3 Scenarios with Police Encounters
You are strolling down the street, maybe shopping or looking for a restaurant to eat at. You see a police officer approaching you.
Why is the officer looking at me? I haven’t committed a crime.
Now the Officer and you are face to face…
Officer… “Do you mind if I speak with you for a minute”
You…. “Uh…sure… yes…”
The above scenario is called a consensual encounter. The officer asked to speak with you and you agreed therefore you have consented to a conversation. Hence the encounter is consensual.
“During a consensual encounter, a citizen may voluntarily comply with a police officer’s requests or choose to ignore them. Because the citizen is free to leave during a consensual encounter, constitutional safeguards are not invoked.” Popple v. State
The important fact to consider during a consensual encounter is that the officer cannot restrict your freedom to leave or your right to refuse to answer any questions.
You are driving home late at night. There are no other cars on the road. The speed limit is 30mph and you are traveling 50mph. Before you know it you see the red and blue flashing lights behind you. You pull your car over to the side of the road.
Officer… “The reason I stopped you is because I clocked you traveling 50 mph in a 30 mph speed zone” “May I see your driver’s license, registration, and insurance?”
You… Produce the requested documents
Officer…”Just wait right here and I will be back” the Officer heads back to his patrol car with your documents.
The above scenario is an investigatory stop.
The Officer has probable cause to believe that you have committed a traffic infraction therefore the Officer may affect a traffic stop. The encounter is an investigatory stop based on probable cause to believe a traffic infraction has occurred.
“As a general matter, the decision to stop an automobile is reasonable where the police have probable cause to believe that a traffic violation has occurred.” Whren v. United States.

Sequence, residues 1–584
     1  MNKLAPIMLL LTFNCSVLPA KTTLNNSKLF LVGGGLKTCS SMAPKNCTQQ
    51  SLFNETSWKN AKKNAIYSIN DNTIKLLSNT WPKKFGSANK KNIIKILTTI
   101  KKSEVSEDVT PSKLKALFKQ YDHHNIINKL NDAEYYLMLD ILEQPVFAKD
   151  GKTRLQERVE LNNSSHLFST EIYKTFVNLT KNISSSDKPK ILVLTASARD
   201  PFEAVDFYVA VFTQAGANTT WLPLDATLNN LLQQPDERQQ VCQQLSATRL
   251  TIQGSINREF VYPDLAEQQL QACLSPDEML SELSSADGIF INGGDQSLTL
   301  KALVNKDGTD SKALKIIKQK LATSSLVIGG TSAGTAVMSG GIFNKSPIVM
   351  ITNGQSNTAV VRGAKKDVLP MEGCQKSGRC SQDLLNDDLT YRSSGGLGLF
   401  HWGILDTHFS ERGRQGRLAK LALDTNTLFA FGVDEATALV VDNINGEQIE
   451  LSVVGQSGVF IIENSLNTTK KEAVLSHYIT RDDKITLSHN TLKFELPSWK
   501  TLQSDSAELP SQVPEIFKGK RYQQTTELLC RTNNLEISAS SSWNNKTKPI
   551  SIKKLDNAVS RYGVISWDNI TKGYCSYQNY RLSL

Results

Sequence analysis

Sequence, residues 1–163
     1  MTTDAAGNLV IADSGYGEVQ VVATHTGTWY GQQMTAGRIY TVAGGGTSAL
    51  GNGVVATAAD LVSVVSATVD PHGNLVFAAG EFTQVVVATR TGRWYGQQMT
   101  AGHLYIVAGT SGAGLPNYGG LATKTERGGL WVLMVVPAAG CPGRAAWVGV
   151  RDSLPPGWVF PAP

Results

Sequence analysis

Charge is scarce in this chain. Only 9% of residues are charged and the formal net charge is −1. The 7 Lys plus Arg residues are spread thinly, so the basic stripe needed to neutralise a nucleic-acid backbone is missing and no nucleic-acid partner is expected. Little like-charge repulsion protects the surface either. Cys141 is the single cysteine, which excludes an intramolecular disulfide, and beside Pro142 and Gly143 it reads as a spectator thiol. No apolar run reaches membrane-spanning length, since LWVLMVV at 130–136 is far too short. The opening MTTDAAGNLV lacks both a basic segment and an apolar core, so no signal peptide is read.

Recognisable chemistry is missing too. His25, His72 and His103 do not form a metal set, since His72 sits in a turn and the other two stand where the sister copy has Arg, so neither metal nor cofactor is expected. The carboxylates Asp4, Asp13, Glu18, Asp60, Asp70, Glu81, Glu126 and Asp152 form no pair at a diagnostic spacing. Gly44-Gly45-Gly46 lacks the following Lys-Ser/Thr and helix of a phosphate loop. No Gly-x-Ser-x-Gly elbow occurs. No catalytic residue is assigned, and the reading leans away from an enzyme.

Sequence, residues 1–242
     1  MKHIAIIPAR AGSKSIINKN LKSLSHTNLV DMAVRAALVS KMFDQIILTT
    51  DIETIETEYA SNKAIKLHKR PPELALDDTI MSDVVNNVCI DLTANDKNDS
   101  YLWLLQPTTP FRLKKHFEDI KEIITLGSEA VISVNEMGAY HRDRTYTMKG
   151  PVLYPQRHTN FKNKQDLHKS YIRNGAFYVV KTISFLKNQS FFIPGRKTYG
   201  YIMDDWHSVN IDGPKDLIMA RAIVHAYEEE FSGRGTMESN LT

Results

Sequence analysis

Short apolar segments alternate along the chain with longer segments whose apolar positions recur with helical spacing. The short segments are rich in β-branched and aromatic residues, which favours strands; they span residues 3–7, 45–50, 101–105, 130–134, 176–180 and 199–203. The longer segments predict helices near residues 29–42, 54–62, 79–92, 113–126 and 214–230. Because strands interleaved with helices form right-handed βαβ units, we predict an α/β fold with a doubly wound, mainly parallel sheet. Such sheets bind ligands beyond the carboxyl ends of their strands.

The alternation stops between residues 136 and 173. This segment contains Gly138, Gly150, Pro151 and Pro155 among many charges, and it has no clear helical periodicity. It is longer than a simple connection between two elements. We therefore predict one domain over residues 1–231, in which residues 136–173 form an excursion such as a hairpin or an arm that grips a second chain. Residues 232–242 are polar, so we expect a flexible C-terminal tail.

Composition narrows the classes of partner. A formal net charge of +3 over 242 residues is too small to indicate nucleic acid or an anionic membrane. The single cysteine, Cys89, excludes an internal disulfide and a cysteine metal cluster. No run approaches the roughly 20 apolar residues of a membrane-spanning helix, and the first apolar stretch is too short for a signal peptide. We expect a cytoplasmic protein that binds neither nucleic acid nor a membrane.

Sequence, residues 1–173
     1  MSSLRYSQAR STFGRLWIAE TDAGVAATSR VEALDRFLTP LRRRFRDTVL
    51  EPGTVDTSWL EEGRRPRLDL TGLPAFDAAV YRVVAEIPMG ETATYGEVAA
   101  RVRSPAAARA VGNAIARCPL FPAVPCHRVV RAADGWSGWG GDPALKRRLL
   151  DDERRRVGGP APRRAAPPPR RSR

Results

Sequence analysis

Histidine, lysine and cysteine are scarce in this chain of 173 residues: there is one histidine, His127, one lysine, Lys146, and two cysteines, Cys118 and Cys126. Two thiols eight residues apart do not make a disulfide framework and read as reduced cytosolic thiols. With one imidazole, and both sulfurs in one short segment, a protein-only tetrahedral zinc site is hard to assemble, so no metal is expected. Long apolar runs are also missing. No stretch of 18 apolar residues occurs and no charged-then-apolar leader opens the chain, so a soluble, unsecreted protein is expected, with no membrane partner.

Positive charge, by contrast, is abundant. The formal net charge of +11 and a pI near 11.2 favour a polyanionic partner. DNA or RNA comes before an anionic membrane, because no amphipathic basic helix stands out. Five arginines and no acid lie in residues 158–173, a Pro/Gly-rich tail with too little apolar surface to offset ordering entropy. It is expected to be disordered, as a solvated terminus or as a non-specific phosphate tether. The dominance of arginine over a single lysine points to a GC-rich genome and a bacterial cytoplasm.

The investigatory stop is a temporary detention by the Officer to investigate the violation of the traffic infraction. Here your freedom is restricted as you are not free to leave during the course of the traffic stop.
During the traffic stop the Officer comes back to your vehicle and issues you a traffic citation for speeding. The Officer hands the documents back to you. Before you drive away the Officer asks if you would consent to a search of the vehicle. You consent to the search.
Upon a search of the vehicle the Officer finds a bag containing a white powdery substance in the center console of the vehicle. You spontaneously confess that the substance belongs to you. The Officer conducts a field test of the suspected substance which reveals positive for cocaine.
Now the Officer has probable cause to believe that a crime has been committed and therefore the Officer can effect an arrest. An arrest is a seizure of your person as you are no longer free to leave and your freedom is restricted.
These are the 3 different police encounters however this blog post does not encompass all the different types of scenarios.
Thank you for visiting this site and taking the time to read this post.
Disclaimer: This blog post is a broad overview and discussion for educational and informational purposes only. None of the information contained in this blog post should be constructed as legal advice.
If you have been arrested or accused of a traffic infraction you may wish to speak with an attorney to understand your legal rights and the legal process.